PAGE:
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Friday, September 27, 2013

News Recipe


Fashion:
From "New York Times"

-Dries Van Noten: Gold Standard


PARIS — Gilded frills cascaded down the sides of a raw cotton dress, as if a Plain Jane maid had magically been touched by Milady’s glamour. By the end of the Dries Van Noten show on Wednesday, all the women — dressed in dark, plain plants or with rich fat flowers on slim dresses — were lined up against a golden wall for a touch of gorgeousness.



Wellness:

From "The Los Angeles Times"

-Steps, time, distance: However measured, walking can reach health goals

Walking, whether measured in steps or time, is a good way to begin a journey to better health. Guidelines and devices can help along the way.

Walking 10,000 steps in a day requires some planning to reach your goal. Most don't reach 10,000 steps without adding in some moderate exercise. (Gina Ferazzi / Los Angeles Times)

At a time when many Americans spend their days exercising nothing but their thumbs to exhaustion, others have grown obsessed with steps.
Each footfall, from getting the mail to getting in a run, is tracked on the way to 10,000 — a not-so-magic number that's been turned into a fitness grail. Ten thousand steps is about five miles, depending on the stride, a distance that seems shorter when you start adding in every step from waking to sleeping. Still, many people barely log 3,000 steps per day.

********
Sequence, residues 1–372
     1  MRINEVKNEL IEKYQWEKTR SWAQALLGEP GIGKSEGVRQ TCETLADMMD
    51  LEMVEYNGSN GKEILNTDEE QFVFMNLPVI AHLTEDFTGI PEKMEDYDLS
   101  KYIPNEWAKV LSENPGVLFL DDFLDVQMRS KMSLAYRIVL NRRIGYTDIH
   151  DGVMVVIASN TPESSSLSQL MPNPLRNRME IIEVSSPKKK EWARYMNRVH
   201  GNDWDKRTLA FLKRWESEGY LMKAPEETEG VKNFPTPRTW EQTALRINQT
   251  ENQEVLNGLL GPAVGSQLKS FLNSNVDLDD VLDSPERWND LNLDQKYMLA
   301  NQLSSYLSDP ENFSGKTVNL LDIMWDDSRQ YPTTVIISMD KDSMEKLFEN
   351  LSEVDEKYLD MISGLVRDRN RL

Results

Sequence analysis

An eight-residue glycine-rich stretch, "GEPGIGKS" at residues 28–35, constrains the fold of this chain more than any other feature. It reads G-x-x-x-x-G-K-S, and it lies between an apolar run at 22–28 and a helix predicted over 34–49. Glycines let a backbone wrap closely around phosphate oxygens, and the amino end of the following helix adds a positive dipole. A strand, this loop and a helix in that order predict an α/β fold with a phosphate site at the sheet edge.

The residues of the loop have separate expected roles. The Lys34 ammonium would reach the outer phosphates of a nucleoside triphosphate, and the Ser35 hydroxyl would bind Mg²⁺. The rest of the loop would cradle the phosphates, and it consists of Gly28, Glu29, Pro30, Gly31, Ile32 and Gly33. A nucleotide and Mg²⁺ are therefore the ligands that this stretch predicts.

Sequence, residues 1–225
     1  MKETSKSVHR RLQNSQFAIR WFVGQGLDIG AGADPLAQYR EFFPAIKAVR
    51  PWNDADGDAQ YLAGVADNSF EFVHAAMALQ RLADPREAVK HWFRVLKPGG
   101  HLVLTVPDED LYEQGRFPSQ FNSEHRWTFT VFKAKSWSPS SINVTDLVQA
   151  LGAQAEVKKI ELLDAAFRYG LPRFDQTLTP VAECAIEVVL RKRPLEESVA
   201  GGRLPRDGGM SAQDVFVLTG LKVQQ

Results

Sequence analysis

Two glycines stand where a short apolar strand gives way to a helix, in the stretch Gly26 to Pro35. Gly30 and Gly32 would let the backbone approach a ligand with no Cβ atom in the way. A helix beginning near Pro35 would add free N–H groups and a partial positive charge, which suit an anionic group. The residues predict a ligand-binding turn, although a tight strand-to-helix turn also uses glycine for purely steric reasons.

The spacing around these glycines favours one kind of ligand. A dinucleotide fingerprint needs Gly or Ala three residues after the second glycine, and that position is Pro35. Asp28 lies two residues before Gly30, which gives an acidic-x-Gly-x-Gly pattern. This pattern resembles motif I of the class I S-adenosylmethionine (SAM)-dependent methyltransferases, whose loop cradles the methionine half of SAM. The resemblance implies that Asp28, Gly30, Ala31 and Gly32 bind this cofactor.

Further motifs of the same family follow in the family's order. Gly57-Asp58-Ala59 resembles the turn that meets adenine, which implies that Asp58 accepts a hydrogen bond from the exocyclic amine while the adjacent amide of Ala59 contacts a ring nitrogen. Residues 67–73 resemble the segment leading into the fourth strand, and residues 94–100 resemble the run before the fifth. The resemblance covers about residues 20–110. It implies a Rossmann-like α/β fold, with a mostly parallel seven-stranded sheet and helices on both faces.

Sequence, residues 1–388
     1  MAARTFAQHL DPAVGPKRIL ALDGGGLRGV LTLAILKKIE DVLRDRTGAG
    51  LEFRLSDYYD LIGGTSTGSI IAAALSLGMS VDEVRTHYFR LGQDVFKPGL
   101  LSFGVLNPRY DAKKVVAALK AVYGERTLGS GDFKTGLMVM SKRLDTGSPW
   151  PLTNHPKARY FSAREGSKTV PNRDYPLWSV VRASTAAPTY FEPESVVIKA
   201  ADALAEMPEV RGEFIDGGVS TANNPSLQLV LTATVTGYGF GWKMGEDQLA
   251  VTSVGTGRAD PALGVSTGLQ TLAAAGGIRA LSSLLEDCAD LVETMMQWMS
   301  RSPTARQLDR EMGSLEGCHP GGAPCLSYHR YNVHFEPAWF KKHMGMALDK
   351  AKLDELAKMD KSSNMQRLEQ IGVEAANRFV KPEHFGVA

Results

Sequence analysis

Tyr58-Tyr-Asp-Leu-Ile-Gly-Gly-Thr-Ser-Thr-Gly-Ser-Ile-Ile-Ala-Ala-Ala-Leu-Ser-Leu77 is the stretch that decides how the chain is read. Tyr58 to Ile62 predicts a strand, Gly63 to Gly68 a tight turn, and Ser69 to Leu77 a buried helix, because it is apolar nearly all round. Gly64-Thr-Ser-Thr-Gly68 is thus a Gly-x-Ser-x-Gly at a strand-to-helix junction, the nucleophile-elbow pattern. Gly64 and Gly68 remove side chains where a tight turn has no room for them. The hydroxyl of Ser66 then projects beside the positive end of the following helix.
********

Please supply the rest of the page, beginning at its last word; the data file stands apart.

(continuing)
Travel:
From "The Wall Street Journal"

-Three Books That Turn the Page on Travel


F. Martin Ramin/The Wall Street Journal, Styling by Anne Cardenas
1. 'Passage to Burma' 2. 'Art Cities of the Future: 21st-Century Avant-Gardes' 3. 'Swans: Legends of the Jet Society'
1. Photographer Scott Stulberg's "Passage to Burma" opens a window onto a country whose government only began encouraging foreigners to visit in 2011, when its military rule relaxed. Starting in 2001, Mr. Stulberg began traveling frequently to the country to take photos. The book contains 270 images he's returned with, including shots of Buddhist monks in saffron robes, women and children in face paint made from ground bark and fishing boats silhouetted against vibrant sunsets. $45, available in October from Skyhorse Publishing

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